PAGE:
Lawsuit Accuses Dallas FBI Agents of Illegally Monitoring Contributions to Barrett Brown’s Defense Fund

This should be interesting.

It has been interesting, these past few weeks, having Barrett work at D Magazine. Seems like I get a Google alert every couple of days or so about something he’s involved with. Interviews with other media. Efforts to overthrow the government. It’s all fine with me so long as he gets his work done. Just today I shouted, “Brown! I need you at the City Council meeting tomorrow to see if Tiffinni Young is really going to get this Sean Johnson elevated to vice chair of the Parks Board!” Barrett sits about 8 feet from me, but I shout for two reasons: 1) it makes me feel powerful, and 2) Barrett is deaf in his left ear. Or he’s deaf in his right ear. I forget which.

In any case, just a bit ago I got another Google alert, and I think this one is worth calling your attention to. From the Washington Times: “The Justice Department was sued in federal court Tuesday on behalf of hundreds of donors whose otherwise anonymous political contributions were secretly monitored by the FBI. Attorneys filed the class-action complaint in San Francisco federal court this week on behalf of individuals who previously contributed to a now-defunct legal fund established for Barrett Brown …”

When I read the story, I shouted, “Brown! I need an official statement from you concerning this lawsuit!” And here it is:

In the next 24 hours, Dallas federal prosecutor Candina Heath and a number of Dallas FBI agents will be served with a summons informing them that they’re being sued in the Northern District of California for having illegally sought and obtained the identities of those who contributed to my legal fund. The plaintiffs are Kevin Gallagher, who was the founder of Free Barrett Brown, along with one of the contributors whose personal information was obtained. As may be seen from the suit, the move to obtain this information was not only illegal, but unconstitutional — and also very telling.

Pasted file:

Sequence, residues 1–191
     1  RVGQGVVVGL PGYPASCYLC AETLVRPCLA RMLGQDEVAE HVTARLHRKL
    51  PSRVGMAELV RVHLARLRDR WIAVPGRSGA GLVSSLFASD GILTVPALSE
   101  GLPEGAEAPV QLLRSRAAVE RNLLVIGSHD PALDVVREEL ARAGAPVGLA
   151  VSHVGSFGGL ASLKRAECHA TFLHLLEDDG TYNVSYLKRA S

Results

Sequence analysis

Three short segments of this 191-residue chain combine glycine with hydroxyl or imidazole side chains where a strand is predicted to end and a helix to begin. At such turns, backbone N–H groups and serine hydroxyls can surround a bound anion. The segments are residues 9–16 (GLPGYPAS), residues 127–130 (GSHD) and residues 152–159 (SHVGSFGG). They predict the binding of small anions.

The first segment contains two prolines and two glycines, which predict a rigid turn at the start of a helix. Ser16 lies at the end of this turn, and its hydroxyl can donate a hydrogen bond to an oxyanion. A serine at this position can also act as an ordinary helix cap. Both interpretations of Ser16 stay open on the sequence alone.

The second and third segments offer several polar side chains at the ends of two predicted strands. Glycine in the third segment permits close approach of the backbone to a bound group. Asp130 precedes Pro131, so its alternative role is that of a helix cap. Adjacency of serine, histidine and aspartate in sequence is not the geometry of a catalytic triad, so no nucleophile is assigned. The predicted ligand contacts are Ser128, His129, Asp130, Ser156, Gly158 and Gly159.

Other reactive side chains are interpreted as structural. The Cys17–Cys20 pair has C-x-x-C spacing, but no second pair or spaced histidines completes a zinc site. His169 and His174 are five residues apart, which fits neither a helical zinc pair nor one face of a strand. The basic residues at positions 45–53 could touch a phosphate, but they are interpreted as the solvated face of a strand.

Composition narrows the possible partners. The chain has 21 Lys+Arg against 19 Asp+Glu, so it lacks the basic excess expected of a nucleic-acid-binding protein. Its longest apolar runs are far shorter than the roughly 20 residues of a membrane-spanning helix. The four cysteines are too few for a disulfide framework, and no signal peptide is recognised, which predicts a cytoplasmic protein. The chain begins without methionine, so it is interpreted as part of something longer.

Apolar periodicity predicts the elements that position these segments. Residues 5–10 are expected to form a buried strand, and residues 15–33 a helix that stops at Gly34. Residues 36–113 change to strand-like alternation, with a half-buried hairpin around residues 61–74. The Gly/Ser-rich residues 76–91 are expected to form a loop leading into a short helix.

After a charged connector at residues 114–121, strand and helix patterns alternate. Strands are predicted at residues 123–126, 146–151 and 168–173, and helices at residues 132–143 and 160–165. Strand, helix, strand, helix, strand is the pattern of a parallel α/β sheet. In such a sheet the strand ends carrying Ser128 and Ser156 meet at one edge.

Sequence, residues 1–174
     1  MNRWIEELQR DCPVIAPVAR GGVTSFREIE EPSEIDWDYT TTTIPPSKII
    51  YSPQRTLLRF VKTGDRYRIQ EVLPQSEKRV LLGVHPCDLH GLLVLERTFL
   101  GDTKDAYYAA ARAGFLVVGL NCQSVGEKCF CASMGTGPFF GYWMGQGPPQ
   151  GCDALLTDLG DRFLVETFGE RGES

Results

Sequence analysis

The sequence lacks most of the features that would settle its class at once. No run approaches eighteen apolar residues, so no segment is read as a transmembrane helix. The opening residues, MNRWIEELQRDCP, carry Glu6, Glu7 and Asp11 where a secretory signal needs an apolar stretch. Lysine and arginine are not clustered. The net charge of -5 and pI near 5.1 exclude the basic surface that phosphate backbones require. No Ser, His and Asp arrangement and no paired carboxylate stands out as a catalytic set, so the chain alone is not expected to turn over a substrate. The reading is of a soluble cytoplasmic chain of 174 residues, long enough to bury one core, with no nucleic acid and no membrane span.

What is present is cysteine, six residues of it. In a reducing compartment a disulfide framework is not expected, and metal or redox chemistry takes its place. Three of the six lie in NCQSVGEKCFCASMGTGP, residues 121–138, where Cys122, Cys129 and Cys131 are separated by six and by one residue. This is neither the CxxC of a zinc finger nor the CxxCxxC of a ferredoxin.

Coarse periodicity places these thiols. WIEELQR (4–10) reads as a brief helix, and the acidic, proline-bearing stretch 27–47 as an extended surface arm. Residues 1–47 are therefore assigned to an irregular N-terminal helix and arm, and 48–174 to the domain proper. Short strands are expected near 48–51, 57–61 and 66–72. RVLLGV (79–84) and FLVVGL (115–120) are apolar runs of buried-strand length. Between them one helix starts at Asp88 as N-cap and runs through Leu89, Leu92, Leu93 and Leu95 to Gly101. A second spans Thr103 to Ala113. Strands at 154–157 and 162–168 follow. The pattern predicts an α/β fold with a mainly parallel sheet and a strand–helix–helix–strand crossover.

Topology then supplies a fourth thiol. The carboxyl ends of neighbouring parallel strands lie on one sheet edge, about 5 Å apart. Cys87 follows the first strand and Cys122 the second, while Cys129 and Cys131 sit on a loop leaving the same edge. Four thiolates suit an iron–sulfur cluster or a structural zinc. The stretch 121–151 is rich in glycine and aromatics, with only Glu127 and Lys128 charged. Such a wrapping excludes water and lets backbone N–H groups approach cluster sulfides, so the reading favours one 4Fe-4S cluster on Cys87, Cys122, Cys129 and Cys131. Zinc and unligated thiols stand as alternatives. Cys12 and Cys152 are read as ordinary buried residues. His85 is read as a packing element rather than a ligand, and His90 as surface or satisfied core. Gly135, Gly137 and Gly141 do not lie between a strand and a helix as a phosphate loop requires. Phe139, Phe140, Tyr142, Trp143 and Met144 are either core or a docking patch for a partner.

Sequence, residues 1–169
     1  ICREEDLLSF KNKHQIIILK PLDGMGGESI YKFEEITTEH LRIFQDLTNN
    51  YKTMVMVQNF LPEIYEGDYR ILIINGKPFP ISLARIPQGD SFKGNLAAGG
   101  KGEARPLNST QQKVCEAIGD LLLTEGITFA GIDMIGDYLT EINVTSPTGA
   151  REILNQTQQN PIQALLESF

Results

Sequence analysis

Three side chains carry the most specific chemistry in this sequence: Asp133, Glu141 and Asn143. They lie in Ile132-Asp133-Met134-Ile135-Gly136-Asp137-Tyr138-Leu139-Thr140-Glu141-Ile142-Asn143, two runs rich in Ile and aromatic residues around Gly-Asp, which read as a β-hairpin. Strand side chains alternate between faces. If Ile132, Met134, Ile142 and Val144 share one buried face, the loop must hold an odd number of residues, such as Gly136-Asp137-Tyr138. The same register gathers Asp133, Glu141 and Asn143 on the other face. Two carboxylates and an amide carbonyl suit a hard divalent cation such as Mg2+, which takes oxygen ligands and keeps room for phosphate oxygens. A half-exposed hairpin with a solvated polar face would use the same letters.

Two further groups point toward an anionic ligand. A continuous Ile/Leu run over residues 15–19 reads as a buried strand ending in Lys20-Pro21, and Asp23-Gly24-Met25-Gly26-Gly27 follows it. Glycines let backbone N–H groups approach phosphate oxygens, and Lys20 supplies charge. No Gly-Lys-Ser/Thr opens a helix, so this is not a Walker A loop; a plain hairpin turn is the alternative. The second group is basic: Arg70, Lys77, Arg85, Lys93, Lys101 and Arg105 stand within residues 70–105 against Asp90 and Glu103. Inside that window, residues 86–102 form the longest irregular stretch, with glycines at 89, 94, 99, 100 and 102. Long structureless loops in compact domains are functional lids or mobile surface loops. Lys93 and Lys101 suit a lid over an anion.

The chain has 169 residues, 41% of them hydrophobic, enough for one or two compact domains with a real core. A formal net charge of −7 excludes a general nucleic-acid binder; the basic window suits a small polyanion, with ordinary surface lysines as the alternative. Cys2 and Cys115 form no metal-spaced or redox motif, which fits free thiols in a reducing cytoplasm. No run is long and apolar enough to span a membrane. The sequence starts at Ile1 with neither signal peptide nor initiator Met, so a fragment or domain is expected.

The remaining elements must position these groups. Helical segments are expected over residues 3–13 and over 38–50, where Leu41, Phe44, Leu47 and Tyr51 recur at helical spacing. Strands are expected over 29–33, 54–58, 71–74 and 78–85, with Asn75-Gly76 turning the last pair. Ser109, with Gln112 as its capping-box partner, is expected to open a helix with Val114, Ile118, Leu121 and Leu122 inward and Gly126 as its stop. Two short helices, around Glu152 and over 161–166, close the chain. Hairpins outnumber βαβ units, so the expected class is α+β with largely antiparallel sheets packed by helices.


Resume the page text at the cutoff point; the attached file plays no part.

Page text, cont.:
The background to all of this has been presented in countless articles and several documentary films, in addition to having been used as a minor plot point in season two of House of Cards, but it bears summarizing here. Shortly after associates of mine in the Anonymous movement hacked a state-linked firm that turned out to have been planning an array of bizarre and criminal operations against journalists and activists — a plot that the Department of Justice was shown to have facilitated — there were calls in Congress for an investigation into this so-called Team Themis conspiracy. The relevant committee chairman, Lamar Smith, ensured that no such investigation would occur by deferring to the DOJ, which he claimed would be the appropriate body to look into a potential crime that the DOJ itself had instigated. Instead, the DOJ investigated me in retaliation for the work that my Project PM research organization had done in discovering and documenting various aspects of the state-corporate information warfare, with search warrants having been secretly issued just a few weeks after we began our investigation. Eventually I would be arrested and physically assaulted in a dramatic raid that was captured on my webcam and charged with 17 counts, the vast majority of which eventually had to be dropped.

Over the next two years, as I fought the case from a series of Dallas jails, Dallas federal prosecutor Candina Heath attempted to seize the legal fund that Gallagher had set up to hire me a private attorney; sought and obtained information on the researchers who had contributed to the wiki on which we presented our findings; sought and obtained a gag order to prevent me from speaking further about the case on the grounds that an article I’d written from jail for The Guardian on the Snowden revelations “was critical of the government”; and — as has now been revealed in this suit — illicitly forced an online payments firm, WePay, to hand over everything they had on the large number of individuals who chose to assist me in my legal defense by contributing to our legal fund.

Further background and analysis is available via the Washington Times article that went up earlier this afternoon.

I look forward to commenting on this matter further as the lawsuit proceeds.